As depicted here, the key player in the Nazi scheme is Salomon 'Sally" Sorowitsch (Karl Markovics), a Russian Jew who escaped persecution by Stalin to find a period of prosperity in Berlin as a gambler and womanizer, funding his decadent lifestyle by counterfeiting passports and other identity papers. Sally is trapped and arrested by a cocky German policeman, Friedrich Herzog (Devid Striesow), and because Sally is Jewish, he's sent to a concentration camp rather than a conventional prison.
Fast forward from 1936 to 1941. Herzog is now the S.S. officer that Himmler assigns to the counterfeiting project. Herzog tracks down Sally and makes him a Faustian bargain. If Sally can successfully counterfeit the pound and the dollar, Herzog will see that he survives the war. In the meantime, Herzog will supply Sally with a team of sophisticated printers also scavenged from concentration camp incarceration. The counterfeiters will be housed in special barracks with comfortable beds and clean sheets. They will be well fed rather than systematically starved. They will be allowed to shower once a week. And even if Herzog cannot promise Sally that the other men will be allowed to survive the war's end, they will almost certainly live longer and better than they would otherwise. Sally doesn't hesitate to take the deal.
With this set-up, the film moves forward on two interlocking narrative fronts. In part, the picture is a character study about Sally's survival instincts. He is the classical existential hero: a man without beliefs and without hopes for the future. But he cherishes life mightily, and his will to live is unyielding. Yet, in trying to save himself, Sally is required to serve the cause of his tormenters. And the second strategy of the film is to employ Sally in a dialectical exchange with fellow inmate Adolf Burger (August Diehl) who is posted to the counterfeiting project as an expert printer. Burger argues that the men should sabotage their assignment " by sacrificing their own lives if necessary. To cooperate, he insists, would be shameful. Sally counters by asserting, 'Only by surviving can we beat them."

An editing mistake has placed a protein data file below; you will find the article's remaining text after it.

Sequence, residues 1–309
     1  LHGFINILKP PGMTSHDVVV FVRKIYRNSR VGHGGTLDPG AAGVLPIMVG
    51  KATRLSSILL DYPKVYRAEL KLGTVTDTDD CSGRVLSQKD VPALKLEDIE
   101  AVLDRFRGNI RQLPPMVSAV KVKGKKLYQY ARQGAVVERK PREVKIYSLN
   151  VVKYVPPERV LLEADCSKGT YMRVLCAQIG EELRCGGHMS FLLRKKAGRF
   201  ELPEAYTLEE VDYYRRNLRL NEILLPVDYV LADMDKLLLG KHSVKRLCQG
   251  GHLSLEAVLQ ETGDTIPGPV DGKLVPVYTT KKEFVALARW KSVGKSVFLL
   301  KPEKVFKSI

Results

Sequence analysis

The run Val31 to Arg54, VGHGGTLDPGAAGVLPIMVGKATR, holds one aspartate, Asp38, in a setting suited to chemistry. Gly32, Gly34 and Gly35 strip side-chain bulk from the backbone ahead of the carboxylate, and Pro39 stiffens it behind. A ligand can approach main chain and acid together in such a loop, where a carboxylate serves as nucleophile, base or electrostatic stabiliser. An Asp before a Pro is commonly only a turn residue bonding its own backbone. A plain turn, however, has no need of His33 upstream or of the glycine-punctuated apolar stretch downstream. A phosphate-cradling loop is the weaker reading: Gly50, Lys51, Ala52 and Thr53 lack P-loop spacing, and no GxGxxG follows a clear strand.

Ruzowitzky nicely lets these two positions stand opposed and undefeated. Sally and Burger proceed from opposite presumptions, but, however paradoxical, both are right. Sally does everything he can to save himself and those of the men around him, even if that means serving the interests of the Nazis. Burger does everything he can to stop the counterfeiting project from succeeding. Certainly Burger is the more noble, more conventionally principled figure. But, critically, despite his focus on survival, Sally is no collaborationist. And the razor's edge of his own moral imperatives will provide moviegoers with much to discuss.